William Shakespeare

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Bibliography

(British and Irish Poetry, Revised Edition)

Ackroyd, Peter. Shakespeare: The Biography. New York: Nan A. Talese, 2005. An examination of the life and works of Shakespeare, including his poetry.

Bate, Jonathan. Soul of the Age: A Biography of the Mind of William Shakespeare. New York: Random House, 2009. A biography of Shakespeare that attempts to look at his life and writings as they relate to the times in which he lived.

Bloom, Harold, ed. The Sonnets. New York: Bloom’s Literary Criticism, 2008. A collection of essays that examine Shakespeare’s sonnets, perhaps his best poetry.

Cheney, Patrick. The Cambridge Companion to Shakespeare’s Poetry. New York: Cambridge University Press, 2007. A collection of essays offering literary, historical, and cultural information on Shakespeare’s poetry. Bibliographies and suggestions for further reading make this an invaluable source for those interested in Shakespeare.

De Grazia, Margreta, and Stanley Wells, eds. The Cambridge Companion to Shakespeare. New York: Cambridge University Press, 2001. This work provides an extensive guide to Shakespeare’s life and works.

Dobson, Michael, and Stanley Wells, eds. The Oxford Companion to Shakespeare. New York: Oxford University Press, 2001. An encyclopedic treatment of the life and works of Shakespeare.

Hart, Jonathan. Shakespeare: Poetry, Culture, and History. New York: Palgrave Macmillan, 2009. Hart looks at the poetry of Shakespeare and examines how culture and history influenced it and were influenced by it.

Heylin, Clinton. So Long as Men Can Breathe: The Untold Story of Shakespeare’s Sonnets. Philadelphia: Da Capo Press, 2009. Heylin examines the history of the sonnets’ publication and researches the possibility that Shakespeare never intended them to be published.

Hope, Warren, and Kim Holston. The Shakespeare Controversy: An Analysis of the Authorship Theories. 2d ed. Jefferson, N.C.: McFarland, 2009. The authors examines the various authorship controversies and theories surrounding Shakespeare’s work. Although much of the discussion involves plays, it sheds light on the author himself.

Matz, Robert. The World of Shakespeare’s Sonnets: An Introduction. Jefferson, N.C.: McFarland, 2008. Matz examines the sonnets in terms of the customs and beliefs that shaped them and with reference to Shakespeare’s world.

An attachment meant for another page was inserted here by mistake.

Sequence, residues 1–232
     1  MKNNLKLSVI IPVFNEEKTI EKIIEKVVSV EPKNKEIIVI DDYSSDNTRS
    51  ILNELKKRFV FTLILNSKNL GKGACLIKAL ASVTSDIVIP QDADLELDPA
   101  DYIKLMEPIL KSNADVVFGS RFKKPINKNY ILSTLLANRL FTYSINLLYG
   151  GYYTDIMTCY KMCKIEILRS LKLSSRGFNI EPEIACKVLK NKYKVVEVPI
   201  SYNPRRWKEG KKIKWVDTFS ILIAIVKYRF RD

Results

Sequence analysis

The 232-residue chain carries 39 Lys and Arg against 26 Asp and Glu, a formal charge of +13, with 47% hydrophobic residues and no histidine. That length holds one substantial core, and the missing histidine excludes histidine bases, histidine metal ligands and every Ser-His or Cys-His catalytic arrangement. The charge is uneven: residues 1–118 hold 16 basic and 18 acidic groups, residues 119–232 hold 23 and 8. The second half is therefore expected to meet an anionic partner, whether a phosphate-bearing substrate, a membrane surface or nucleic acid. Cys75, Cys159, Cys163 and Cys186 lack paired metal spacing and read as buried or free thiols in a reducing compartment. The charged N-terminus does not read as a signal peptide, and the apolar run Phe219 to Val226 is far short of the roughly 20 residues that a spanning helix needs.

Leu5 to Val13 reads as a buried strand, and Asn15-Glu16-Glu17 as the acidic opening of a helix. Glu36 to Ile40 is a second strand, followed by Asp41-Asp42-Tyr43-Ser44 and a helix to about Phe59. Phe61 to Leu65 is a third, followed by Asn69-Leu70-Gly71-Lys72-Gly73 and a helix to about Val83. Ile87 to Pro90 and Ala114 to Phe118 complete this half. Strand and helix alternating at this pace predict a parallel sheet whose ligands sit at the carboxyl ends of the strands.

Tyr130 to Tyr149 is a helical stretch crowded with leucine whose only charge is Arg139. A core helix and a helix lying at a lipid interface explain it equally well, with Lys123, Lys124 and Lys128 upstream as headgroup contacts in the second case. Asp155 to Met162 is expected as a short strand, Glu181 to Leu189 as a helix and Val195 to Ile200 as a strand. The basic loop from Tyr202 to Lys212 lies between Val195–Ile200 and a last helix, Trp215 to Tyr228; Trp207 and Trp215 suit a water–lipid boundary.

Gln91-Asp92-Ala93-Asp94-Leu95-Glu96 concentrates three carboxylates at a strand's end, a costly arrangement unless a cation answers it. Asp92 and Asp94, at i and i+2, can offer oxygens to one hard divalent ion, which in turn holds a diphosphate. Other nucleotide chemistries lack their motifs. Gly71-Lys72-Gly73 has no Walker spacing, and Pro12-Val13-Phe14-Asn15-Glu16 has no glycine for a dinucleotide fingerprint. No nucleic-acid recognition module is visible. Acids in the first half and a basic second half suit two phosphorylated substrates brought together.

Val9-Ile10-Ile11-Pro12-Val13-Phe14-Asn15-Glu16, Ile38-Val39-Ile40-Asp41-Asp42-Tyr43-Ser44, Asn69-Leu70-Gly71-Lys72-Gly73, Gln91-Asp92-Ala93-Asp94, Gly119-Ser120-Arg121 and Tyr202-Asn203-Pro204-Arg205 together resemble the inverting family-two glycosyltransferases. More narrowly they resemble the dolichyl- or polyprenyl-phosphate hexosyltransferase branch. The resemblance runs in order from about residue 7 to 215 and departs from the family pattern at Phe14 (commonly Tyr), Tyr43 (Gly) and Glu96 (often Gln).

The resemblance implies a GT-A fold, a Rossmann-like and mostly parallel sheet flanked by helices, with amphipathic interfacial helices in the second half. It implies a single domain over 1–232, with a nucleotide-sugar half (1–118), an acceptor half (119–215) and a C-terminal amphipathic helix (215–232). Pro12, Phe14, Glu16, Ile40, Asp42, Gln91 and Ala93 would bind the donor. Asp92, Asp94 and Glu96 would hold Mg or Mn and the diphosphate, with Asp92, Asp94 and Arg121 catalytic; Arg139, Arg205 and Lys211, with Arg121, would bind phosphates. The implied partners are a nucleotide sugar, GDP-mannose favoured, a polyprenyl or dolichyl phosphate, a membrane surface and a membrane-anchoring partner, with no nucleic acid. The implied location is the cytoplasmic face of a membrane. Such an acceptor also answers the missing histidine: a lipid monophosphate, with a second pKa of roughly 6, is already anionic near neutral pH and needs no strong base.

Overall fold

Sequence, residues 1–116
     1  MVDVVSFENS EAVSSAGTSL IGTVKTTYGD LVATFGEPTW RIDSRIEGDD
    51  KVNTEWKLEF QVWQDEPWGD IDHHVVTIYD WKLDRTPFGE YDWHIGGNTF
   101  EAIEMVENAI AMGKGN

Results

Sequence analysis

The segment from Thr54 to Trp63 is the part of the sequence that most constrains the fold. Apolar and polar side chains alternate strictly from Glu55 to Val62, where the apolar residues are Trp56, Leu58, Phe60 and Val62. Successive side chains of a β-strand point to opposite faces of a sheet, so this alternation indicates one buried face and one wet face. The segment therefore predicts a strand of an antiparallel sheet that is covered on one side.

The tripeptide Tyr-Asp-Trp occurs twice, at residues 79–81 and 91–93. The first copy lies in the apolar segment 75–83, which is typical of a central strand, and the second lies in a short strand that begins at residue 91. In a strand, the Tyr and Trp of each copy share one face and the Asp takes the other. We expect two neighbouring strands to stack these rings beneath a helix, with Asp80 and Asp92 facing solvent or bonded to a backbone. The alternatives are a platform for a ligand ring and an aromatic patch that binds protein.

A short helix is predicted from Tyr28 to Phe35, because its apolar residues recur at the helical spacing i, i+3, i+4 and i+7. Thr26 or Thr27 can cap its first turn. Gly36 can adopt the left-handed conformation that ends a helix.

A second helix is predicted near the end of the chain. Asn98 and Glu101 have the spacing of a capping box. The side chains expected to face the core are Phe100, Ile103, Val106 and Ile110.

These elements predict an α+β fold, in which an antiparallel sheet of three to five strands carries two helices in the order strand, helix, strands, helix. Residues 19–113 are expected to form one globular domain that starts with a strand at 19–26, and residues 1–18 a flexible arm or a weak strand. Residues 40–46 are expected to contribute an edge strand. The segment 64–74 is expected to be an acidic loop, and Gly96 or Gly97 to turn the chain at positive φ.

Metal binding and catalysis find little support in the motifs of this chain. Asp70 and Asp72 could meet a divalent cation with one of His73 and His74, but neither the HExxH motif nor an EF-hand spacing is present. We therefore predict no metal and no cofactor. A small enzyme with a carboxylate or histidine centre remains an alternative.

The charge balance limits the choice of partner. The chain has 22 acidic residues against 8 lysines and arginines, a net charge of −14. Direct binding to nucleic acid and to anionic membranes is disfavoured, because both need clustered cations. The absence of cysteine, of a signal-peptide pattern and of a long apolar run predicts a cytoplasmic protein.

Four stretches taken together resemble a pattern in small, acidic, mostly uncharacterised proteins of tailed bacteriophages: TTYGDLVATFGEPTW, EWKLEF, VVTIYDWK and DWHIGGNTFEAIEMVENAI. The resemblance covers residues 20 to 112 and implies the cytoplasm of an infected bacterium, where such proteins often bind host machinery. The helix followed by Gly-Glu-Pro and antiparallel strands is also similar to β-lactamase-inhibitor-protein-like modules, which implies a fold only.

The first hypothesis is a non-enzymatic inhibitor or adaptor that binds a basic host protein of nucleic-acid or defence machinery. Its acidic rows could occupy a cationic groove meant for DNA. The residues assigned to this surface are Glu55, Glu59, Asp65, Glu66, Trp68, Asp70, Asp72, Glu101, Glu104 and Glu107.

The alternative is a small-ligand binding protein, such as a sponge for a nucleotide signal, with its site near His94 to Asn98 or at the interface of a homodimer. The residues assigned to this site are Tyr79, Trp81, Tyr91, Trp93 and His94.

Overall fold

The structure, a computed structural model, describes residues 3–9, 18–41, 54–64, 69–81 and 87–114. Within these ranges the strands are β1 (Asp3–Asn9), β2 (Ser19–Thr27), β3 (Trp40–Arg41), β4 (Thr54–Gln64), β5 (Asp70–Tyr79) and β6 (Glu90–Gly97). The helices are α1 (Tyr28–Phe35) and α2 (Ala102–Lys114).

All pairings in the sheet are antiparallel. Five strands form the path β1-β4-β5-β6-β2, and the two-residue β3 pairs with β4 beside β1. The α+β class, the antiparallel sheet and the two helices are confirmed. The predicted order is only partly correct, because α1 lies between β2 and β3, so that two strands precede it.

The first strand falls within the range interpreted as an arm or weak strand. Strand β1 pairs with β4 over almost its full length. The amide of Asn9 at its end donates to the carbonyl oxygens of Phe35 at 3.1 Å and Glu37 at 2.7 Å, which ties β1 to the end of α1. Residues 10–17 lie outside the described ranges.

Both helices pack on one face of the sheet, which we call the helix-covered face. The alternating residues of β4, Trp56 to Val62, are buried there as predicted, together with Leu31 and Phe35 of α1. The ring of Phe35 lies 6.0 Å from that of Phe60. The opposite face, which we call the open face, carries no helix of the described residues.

Bibliography

(Critical Edition of Dramatic Literature)

Ackroyd, Peter. Shakespeare: The Biography. New York: Nan A. Talese, 2005.

Bate, Jonathan. The Genius of Shakespeare. New York: Oxford University Press, 1998. Explores the extraordinary staying-power of Shakespeare’s work. Bate opens by taking up questions of authorship, asking, for example, Who was Shakespeare, based on the little documentary evidence we have? Which works really are attributable to him? How extensive was the influence of Christopher Marlowe? Bate goes on to trace Shakespeare’s canonization and near-deification, examining not only the uniqueness of his status among English-speaking readers but also his effect on literate cultures across the globe.

Bloom, Harold. Shakespeare: The Invention of the Human. New York: Riverhead Books, 1998.

Brown, John Russell. Shakespeare: The Tragedies. New York: Palgrave, 2001. A study of the tragedies in chronological order.

Cheney, Patrick. The Cambridge Companion to Shakespeare’s Poetry. Cambridge University Press, 2007. A collection of essays offering literary, historical, and cultural information on Shakespeare’s poetry. Bibliographies and suggestions for further reading make this an invaluable source for those interest in Shakespeare.

Danson, Lawrence. Shakespeare’s Dramatic Genres. New York: Oxford University Press, 2000. Danson’s scholarly study examines Shakespeare’s philosophy and how it was demonstrated in his dramas. Bibliography and index.

De Grazia, Margreta, and Stanley Wells, eds. The Cambridge Companion to Shakespeare. New York: Cambridge University Press, 2001. This work provides an extensive guide to Shakespeare’s life and works.

Dobson, Michael, and Stanley Wells, eds. The Oxford Companion to Shakespeare . Oxford,...

(The entire section is 1,227 words.)